Australia Day

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Australia Day is a good excuse to make some lamingtons.

Here is a recipe of mine that first appeared in epicure’s Chocolate cook book.

My Lamingtons

My Aunty Pat was a great cook, known for her sponge cakes. When I was a child I gave her a battery-operated sifter which she good naturedly used and claimed that it made her sponges ever lighter!

I have used her sponge recipe here as the base for my lamingtons. Just bake the mix in a lamington tin. You won’t believe how delicious these are! Moist and light as a feather. And no battery-operated sifter required!

 

1 sponge cake (see recipe below)

½ cup hot water

1 tablespoon unsalted butter

2 tablespoons dutch cocoa

1 tablespoon finely grated orange rind (optional)

1 – 2 teaspoons orange essence (optional)

2 cups pure icing sugar

2 cups dessicated coconut

 

Cut cake into small squares using a serrated knife. This is easier if the cake has been slightly chilled.

In a medium bowl, combine hot water, butter and cocoa and whisk until smooth. Add orange rind and flavouring at this point if you want jaffa-flavoured icing. (Traditionalists can ignore this step.)

Beat in icing sugar with a wooden spoon. Add extra hot water if the mixture is too thick for dipping. You want it quite runny, but still of a coating consistency.

Now for the messy bit. Using two forks, dip the pieces of cake in the icing, one at a time, and turn them over to cover completely. Don’t fuss too much about any errant crumbs. Now roll the cake in the coconut and place on a cake rack for the icing to set. It is a good idea to have a tray underneath to catch any drips. Repeat the process with the remaining cake. If your forks get too messy, just replace them with clean ones. Ditto, the coconut.

Store in an airtight container – if there are any left!

Auntie Pat’s Sponge

4 eggs

¾ cup caster sugar

¾ cup corn flour

1 ½ teaspoon baking powder

2 teaspoon SR flour

method:

  1. Separate eggs.
  2. Beat whites until stiff.
  3. Add caster sugar.
  4. Add yolks.
  5. Sift cornflour, SR flour and baking powder
  6. Fold into mixture.
  7. Pour into a greased and lined 22cm square lamington tin.
  8. Bake 20 minutes 200C.

To further celebrate Australia Day, I slow cooked some lamb shoulder, made some soft pitas  and served souvlaki. Here are the recipes below.

 

 

 

 

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slow roasted lamb shoulder with chilli and sage

I tried this dish at The Melbourne Food and Wine Festival’s Masterclass. The rich flavour of the lamb is balanced with the bold flavours of chilli, garlic and sage.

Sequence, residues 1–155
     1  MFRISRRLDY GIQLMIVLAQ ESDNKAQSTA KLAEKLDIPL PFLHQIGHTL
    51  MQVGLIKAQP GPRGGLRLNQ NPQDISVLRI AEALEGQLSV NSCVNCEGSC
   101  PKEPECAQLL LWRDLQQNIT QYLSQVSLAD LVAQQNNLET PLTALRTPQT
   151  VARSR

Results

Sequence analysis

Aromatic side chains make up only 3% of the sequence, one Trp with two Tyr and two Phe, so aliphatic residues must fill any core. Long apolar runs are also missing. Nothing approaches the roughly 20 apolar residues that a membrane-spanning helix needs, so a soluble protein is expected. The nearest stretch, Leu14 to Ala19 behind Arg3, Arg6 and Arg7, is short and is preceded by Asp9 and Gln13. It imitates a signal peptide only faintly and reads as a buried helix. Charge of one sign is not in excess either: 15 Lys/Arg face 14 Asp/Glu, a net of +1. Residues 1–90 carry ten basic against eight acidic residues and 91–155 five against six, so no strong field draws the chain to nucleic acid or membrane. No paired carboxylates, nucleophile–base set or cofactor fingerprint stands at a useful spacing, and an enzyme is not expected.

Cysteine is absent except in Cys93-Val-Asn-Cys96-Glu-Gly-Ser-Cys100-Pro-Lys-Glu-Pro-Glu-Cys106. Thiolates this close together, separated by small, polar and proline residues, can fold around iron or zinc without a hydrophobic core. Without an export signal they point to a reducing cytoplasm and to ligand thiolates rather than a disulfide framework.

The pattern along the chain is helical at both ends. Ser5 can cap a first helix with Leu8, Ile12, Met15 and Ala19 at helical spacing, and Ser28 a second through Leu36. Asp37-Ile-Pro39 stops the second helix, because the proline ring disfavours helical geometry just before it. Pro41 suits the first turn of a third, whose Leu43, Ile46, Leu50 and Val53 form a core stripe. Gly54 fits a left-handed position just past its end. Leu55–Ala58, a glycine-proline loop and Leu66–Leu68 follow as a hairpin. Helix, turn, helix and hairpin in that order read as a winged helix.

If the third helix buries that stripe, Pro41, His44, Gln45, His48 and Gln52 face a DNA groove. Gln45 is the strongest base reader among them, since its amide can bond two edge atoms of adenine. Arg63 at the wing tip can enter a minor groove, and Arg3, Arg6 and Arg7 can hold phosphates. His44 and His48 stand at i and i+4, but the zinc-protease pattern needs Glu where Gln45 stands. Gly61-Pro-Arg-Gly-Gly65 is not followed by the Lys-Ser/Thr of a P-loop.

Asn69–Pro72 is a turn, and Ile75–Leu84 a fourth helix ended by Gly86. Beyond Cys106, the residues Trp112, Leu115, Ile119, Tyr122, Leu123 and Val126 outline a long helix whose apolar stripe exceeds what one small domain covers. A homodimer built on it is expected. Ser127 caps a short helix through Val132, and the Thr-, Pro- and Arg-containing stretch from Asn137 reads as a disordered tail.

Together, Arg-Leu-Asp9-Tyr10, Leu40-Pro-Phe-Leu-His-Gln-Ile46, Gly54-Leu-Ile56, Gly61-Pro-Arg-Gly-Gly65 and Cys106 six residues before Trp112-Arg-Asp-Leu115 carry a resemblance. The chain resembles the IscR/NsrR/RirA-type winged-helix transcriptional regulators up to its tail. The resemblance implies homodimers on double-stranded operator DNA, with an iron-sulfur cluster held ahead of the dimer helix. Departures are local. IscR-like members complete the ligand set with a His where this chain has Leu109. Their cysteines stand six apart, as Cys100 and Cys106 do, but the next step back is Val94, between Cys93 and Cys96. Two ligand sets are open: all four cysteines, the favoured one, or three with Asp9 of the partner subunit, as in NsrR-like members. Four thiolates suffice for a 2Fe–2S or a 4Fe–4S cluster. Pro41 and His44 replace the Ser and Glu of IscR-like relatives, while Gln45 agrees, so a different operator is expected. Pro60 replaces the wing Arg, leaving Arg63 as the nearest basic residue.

1 shoulder of lamb, bone in, about 2kg

salt and pepper to season

2 tbsp olive oil

1 cup dry white wine

2 tsp fennel seeds

2 tsp dried chilli flakes

1 head garlic, cut in half

1 cup loosely packed fresh sage leaves

3 bay leaves

6 good quality anchovy fillets

½ cup red wine vinegar

 

Preheat oven to 160C fan forced (180C conventional).

Ask your butcher to cut the lamb through the bone, on the underside, at intervals. Trim off most of the surface fat, then season well with salt and pepper. Heat a large frypan, add oil and brown the lamb on all sides for 10 minutes, until well browned.

Place browned meat in a roasting pan and add the remaining ingredients, reserving the grapes to add later.

Cover the pan with foil and cook in the oven for 3 hours, basting with the pan juices every 30 minutes or so.

The lamb should be meltingly tender by now. If not, cook further until tender.

 

serves 4-6.

 

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Pita bread

This recipe belongs to Cath Claringbold. It is now firmly in my recipe folder and I use it to make the best soft pita bread. Just ask my kids.

Makes 12 pita bread

 

Ingredients

 

1¼ cups tepid water

1½ teaspoons of dry yeast

1½ teaspoons caster sugar

 

Mix together in a small bowl and leave in a warm spot until mixture foams, around 20 minutes

 

460g plain flour

½ teaspoon sea salt

½ cup of olive oil

 

In a large bowl mix the flour and salt and make a well. Add the olive oil and the yeast mix and combine. Work the mix until it comes together and then turn out on to a lightly floured bench and knead for a few minutes until the dough becomes silky and smooth.

Put it back into the bowl and cover with a tea towel and leave to prove for around 15 – 20 minutes.

 

Preheat the Barbeque to a medium heat.

 

Divide the dough into 12 and roll out into flat thin even disks approximately 16cm in diameter.

 

Brush the flat bread with some olive oil and place it oil side down on the bars of the BBQ. Gently brush a little oil on top as well.

In a matter of seconds the bread will start to puff and after 20-25 seconds flip them over and cook for 20 seconds more. Do not cook for too long or they will dry out too much and become crisp.

When they are cooked stack them one on top of the other and wrap them tightly in a clean tea towel or even cling wrap to keep them warm and help them sweat a little and stay soft until ready to use.

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silverbeet from the garden

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My first crop of silver beet was ready to harvest. But, what to cook? I consulted two of my favourite cooks, Stephanie Alexander and Yotam Ottolenghi. The following recipes were so delicious, I will definitely be making these again.

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Ottolenghi’s Warm salad of chickpea, silverbeet and carrot with lemony yoghurt

300g silverbeet or Swiss chard, washed

40ml olive oil, plus extra to drizzle

4 medium carrots, peeled and cut into 1cm dice

1 tsp caraway seeds

400g tin chickpeas

1 garlic clove, finely chopped

1 Tbsp fresh mint, torn

1 Tbsp fresh coriander, torn

1 Tbsp lemon juice

sea salt and freshly ground black pepper

1 cup thick Greek style yoghurt

zest and juice of 1 lemon